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Lake View DAR chapter plans memorial tree

May 29, 2013 by

On Tuesday, May 21, the Lake View Chapter of the Oregon State Society Daughters of the American Revolution planted a flowering plum tree in the I.O.O.F. Cemetery to honor and promote honor, loyalty and love of country in the hearts and minds of American citizens.

The tree is a measure to enhance the beautification of the grave site.

It also serves as a project symbol for conservation to help promote air quality and the environment.

Mary Phelps Montgomery started the OSS DAR in 1896. It began with the Multnomah Chapter in Portland.

There are currently 37 chapters in Oregon with over 1,775 members in the non-profit organization.

The goal of the Oregon Daughters is to work at carrying out the objectives of the National Society DAR.

Their national headquarters is located in Washington D.C., and their overall goal is to “preserve the past, protect the present, and provide for the future.”

The group owns, operates, and maintains the Caples House Museum, Pioneer Mothers Cabin Museum, Robert Newell House, School Museum and Schminck Memorial Museum in Lakeview. A group of vintage railroad maintenance car enthusiasts recently landed in Lakeview for an overnight stay and day-long excursion trip into Alturas, Calif.

The Pacific Rail Car Operators Club brought 25 cars to Lakeview on Friday, May 17, with more than 50 members in attendance.  The group partook in a day-long excursion trip along the Lake County Railroad’s 55-mile short line to Alturas, Calif., as part of its visit.

Bill Andrews, the club’s excursion coordinator, noted that the club is based in Oregon and has a membership base in multiple states, including Idaho, Washington and California.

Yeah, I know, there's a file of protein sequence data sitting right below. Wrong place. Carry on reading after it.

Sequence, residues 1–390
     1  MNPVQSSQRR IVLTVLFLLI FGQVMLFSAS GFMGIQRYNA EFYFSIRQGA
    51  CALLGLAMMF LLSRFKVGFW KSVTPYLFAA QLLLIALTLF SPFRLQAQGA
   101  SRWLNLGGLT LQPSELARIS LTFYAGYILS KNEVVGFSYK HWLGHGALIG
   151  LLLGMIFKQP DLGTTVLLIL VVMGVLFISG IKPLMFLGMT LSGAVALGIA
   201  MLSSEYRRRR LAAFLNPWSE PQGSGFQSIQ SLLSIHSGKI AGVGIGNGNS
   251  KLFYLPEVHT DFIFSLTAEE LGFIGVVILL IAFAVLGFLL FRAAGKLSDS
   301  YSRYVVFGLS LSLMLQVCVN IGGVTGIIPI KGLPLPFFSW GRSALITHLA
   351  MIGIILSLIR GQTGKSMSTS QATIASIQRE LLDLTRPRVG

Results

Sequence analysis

A primary purpose of excursion trips, such as their Lakeview visit, is to keep money in local communities in support of local tourism, he said.

“It brings a lot of revenue to the communities when we come,” he said.

The group convened at 8 a.m. on the morning of their trip for a safety meeting.  As a hobbyist group, they take safety very seriously, Andrews said.

In 19 years as an organization, there have been no incidents, he noted.  Their travels included 1,500-mile trips in British Columbia, as well as a 1,000 mile journey into Mexico, Andrews said.

The rail cars are a part of the American railroad’s illustrious historical landscape, marking a bygone era of sorts.  These vehicles were dedicated to use as transportation for maintenance crews that inspected rail lines for needed work or repair, Andrews said.

As a true sign of the times, they were eventually replaced with high-rail rigs.  These are essentially modern pickup trucks that feature hydraulically-operated wheels that afford rail travel, Andrews said.

Andrews’ own rig happened to be a 1978 Fairmont, which was formerly designated to the railroad in Joplin, Mo., where his mother, coincidentally, was born.

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